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Cooperation, conflict, or disengagement? Coparenting styles and father involvement in fragile families.
Fam Process. 2012 Sep; 51(3):325-42.FP

Abstract

This paper draws on information from the Fragile Families Study (N = 2,695) to examine how different coparenting styles emerge and are related to fathers' involvement with young children in a representative sample of unmarried parents. The results show that the quantity and quality of paternal involvement is significantly higher when unmarried parents establish a cooperative as opposed to a disengaged or conflicted coparenting style. Cooperative coparenting is less likely, however, when unmarried parents have separated after the birth or were never together as a couple, when fathers are unemployed or have other risk factors, when the child has a more difficult temperament, and when parents have fewer children together. This analysis also helps clarify previously equivocal findings concerning the relationship between coparenting conflict and paternal involvement. Regression results show that paternal involvement is not significantly different among parents with cooperative and mixed coparenting styles, indicating that when unmarried parents can work together and support each other's parenting efforts, even if they argue frequently while doing so, fathers remain more involved. At the same time, conflicted coparenting leads to a larger decrease in father involvement than disengaged coparenting. In the context of poorer-quality coparenting relationships, it was conflict that mattered for fathering, not just parents' inability to cooperate. Implications of these findings for parenting education programs are discussed.

Authors+Show Affiliations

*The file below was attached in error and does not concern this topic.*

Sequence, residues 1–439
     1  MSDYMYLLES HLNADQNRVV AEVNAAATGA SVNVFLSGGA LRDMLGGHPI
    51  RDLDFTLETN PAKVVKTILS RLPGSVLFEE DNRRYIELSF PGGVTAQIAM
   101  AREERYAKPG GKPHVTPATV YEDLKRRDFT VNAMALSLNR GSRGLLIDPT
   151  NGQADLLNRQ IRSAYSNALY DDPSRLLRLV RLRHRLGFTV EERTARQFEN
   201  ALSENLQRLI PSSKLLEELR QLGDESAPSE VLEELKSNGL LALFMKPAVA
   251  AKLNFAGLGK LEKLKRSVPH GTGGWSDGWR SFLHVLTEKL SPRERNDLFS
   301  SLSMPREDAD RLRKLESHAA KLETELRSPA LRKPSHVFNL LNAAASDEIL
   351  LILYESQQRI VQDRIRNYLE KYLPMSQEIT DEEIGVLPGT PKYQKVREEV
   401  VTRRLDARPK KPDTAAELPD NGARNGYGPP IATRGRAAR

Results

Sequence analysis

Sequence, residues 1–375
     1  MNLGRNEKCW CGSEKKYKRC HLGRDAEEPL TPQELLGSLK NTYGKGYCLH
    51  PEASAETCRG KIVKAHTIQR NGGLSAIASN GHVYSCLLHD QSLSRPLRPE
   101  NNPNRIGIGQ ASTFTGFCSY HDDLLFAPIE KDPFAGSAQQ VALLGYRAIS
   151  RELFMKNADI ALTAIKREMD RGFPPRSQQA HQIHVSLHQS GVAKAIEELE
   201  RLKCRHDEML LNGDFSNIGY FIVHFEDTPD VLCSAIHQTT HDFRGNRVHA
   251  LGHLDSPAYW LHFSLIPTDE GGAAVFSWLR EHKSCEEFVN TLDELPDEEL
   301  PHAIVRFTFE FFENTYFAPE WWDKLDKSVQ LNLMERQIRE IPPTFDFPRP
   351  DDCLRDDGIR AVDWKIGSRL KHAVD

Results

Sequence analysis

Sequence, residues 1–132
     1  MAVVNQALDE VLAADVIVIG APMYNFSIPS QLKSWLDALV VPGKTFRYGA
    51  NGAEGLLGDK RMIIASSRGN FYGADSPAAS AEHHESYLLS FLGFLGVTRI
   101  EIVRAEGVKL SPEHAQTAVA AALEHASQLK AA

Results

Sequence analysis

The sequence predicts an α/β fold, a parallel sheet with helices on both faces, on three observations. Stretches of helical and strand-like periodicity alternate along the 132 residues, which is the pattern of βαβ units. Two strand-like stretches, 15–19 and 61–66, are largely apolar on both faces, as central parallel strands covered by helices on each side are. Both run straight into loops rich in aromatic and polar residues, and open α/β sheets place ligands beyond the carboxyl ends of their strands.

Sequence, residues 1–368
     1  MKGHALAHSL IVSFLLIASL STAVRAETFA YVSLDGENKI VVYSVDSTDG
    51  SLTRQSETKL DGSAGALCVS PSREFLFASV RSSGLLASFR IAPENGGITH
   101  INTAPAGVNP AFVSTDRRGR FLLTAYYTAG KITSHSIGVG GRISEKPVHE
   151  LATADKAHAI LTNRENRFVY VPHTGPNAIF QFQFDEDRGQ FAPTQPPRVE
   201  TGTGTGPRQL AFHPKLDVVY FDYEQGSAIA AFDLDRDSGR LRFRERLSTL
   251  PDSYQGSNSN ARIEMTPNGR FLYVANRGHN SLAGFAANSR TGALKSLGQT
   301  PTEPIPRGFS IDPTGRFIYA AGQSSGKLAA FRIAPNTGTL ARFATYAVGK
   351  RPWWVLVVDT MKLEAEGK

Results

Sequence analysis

Policy Analysis & Management, Cornell University, Ithaca, NY, USA. mrw37@cornell.edu

Pub Type(s)

Journal Article
Research Support, N.I.H., Extramural
Research Support, Non-U.S. Gov't

Language

eng

PubMed ID

22984972

Citation

Waller, Maureen R.. "Cooperation, Conflict, or Disengagement? Coparenting Styles and Father Involvement in Fragile Families." Family Process, vol. 51, no. 3, 2012, pp. 325-42.
Waller MR. Cooperation, conflict, or disengagement? Coparenting styles and father involvement in fragile families. Fam Process. 2012;51(3):325-42.
Waller, M. R. (2012). Cooperation, conflict, or disengagement? Coparenting styles and father involvement in fragile families. Family Process, 51(3), 325-42. https://doi.org/10.1111/j.1545-5300.2012.01403.x
Waller MR. Cooperation, Conflict, or Disengagement? Coparenting Styles and Father Involvement in Fragile Families. Fam Process. 2012;51(3):325-42. PubMed PMID: 22984972.
* Article titles in AMA citation format should be in sentence-case
TY - JOUR T1 - Cooperation, conflict, or disengagement? Coparenting styles and father involvement in fragile families. A1 - Waller,Maureen R, PY - 2012/9/19/entrez PY - 2012/9/19/pubmed PY - 2013/3/21/medline SP - 325 EP - 42 JF - Family process JO - Fam Process VL - 51 IS - 3 N2 - This paper draws on information from the Fragile Families Study (N = 2,695) to examine how different coparenting styles emerge and are related to fathers' involvement with young children in a representative sample of unmarried parents. The results show that the quantity and quality of paternal involvement is significantly higher when unmarried parents establish a cooperative as opposed to a disengaged or conflicted coparenting style. Cooperative coparenting is less likely, however, when unmarried parents have separated after the birth or were never together as a couple, when fathers are unemployed or have other risk factors, when the child has a more difficult temperament, and when parents have fewer children together. This analysis also helps clarify previously equivocal findings concerning the relationship between coparenting conflict and paternal involvement. Regression results show that paternal involvement is not significantly different among parents with cooperative and mixed coparenting styles, indicating that when unmarried parents can work together and support each other's parenting efforts, even if they argue frequently while doing so, fathers remain more involved. At the same time, conflicted coparenting leads to a larger decrease in father involvement than disengaged coparenting. In the context of poorer-quality coparenting relationships, it was conflict that mattered for fathering, not just parents' inability to cooperate. Implications of these findings for parenting education programs are discussed. SN - 1545-5300 UR - https://www.unboundmedicine.com/medline/citation/22984972/Cooperation_conflict_or_disengagement_Coparenting_styles_and_father_involvement_in_fragile_families_ L2 - https://doi.org/10.1111/j.1545-5300.2012.01403.x DB - PRIME DP - Unbound Medicine ER -